Following a summit at Chequers where the prime minister claimed to have gained cabinet support for her deal, Boris Johnson resigns as foreign secretary along with David Davis, the Brexit secretary


Draft withdrawal agreement - 15 November 2018

The draft withdrawal agreement settles Britain's divorce bill, secures the rights of EU citizens living in the UK and vice versa and includes a political declaration commiting both parties to frictionless trade in goods and cooperation on security matters.

The deal also includes the backstop, which is anathema to many brexiteers and Dominic Raab and Esther McVey resign from the cabinet in protest


May resigns - 24 May 2019

After several failed attempts to pass her withdrawal agreement through the commons, Theresa May resigns


Johnson takes over - 24 July 2019

Boris Johnson is elected leader of the Conservative party in a landslide victory. He later heads to Buckingham Palace where the Queen invites him to form a government


Parliament prorogued - 28 August 2019

Boris Johnson prorogues parliament for five weeks in the lead up to the UK's agreed departure date of 31 October.

Stephen Morgan MP

Prorogation ruled unlawful - 24 September 2019

The High Court rules that Johnson's prorogation of parliament is 'unlawful' after a legal challenge brought by businesswoman Gina Miller


Johnson agrees deal with Varadkar - October

Following a summit in Merseyside, Johnson agrees a compromise to the backstop with Irish prime minister Leo Varadkar - making the withdrawal agreement more palatable to Brexiteers


Final Say march demands second referendum - 19 October 2019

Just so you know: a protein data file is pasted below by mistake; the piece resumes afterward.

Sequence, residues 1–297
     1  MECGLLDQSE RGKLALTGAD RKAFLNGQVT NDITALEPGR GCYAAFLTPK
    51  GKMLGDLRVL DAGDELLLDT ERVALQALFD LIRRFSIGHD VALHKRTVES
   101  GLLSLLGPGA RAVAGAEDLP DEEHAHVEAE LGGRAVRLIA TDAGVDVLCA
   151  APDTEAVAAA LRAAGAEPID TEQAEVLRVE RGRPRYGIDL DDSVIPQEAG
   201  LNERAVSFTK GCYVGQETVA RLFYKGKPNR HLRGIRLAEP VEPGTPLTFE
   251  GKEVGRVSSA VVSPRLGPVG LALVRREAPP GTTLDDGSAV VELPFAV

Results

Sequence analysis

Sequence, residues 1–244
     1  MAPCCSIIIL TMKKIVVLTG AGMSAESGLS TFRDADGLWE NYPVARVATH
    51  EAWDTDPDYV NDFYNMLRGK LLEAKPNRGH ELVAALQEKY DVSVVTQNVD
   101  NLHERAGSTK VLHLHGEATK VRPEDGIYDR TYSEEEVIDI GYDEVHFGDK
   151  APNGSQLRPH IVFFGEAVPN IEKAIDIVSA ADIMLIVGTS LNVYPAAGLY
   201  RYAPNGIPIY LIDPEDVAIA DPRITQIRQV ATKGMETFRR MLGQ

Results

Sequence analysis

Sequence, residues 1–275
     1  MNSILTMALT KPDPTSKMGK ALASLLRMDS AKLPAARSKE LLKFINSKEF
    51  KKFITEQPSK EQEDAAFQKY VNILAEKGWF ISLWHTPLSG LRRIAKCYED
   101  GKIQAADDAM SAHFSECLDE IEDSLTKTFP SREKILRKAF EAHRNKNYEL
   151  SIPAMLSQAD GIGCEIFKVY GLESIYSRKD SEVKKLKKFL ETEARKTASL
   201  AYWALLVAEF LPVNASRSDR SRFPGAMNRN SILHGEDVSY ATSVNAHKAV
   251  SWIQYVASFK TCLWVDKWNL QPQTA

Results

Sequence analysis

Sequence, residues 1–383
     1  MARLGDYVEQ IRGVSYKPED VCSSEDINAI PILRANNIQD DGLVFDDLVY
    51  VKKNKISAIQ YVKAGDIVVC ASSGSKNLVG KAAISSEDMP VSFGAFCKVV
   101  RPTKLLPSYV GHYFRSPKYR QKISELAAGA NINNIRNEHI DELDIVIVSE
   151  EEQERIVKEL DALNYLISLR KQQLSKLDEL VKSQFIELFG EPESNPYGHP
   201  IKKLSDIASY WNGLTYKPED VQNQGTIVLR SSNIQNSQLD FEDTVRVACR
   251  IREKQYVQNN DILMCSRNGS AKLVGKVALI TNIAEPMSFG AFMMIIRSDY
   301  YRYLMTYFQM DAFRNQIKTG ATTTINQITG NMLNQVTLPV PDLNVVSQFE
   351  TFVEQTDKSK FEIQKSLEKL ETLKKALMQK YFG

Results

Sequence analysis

As parliament passes the Letwin amendment requiring the prime minister to request a further delay to Brexit, protesters take to the streets in the final show of force for a Final Say referendum


Johnson wins 80 seat majority - 12 December 2019

The Conservatives win the December election in a landslide, granting Boris Johnson a large majority to pass through his brexit deal and pursue his domestic agenda


Withdrawal deal passes parliament - 20 December 2019

The withdrawal agreement passes through the commons with a majority of 124


EU parliament backs UK withdrawal deal - 29 January 2020

Members of the European parliament overwhelmingly back the ratification of Britain's departure, clearing the way for Brexit two days later on 31 January. Following the vote, members join hands and sing Auld Lang Syne


Until now, the only new lorry park identified was a 27-acre site being built in Kent to handle what has been condemned as "a vast customs bureaucracy, with costs passed on to the consumer".

As many as 10,000 trucks a day pass through Dover and other ports, and about four-fifths of the food reaching UK supermarkets comes from the EU, according to the British Retail Consortium.

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The government has pointed to the staggering GBP705m being spent on "infrastructure and technology at the border", to defend its border preparations. "We worked closely with industry in its development and will continue to do so as we move towards the end of the transition period," a spokesperson said. Richard Burnett, the RHA's chief executive, urged ministers to address "untried and untested IT systems" and "the lack of customs agents and clear processes for tackling the mountain of red tape traders will face".

"The government's pace is simply too slow on this, and that's why we - the people who run the UK's supply chain - need an urgent meeting with those at the top of government dealing with Brexit preparations."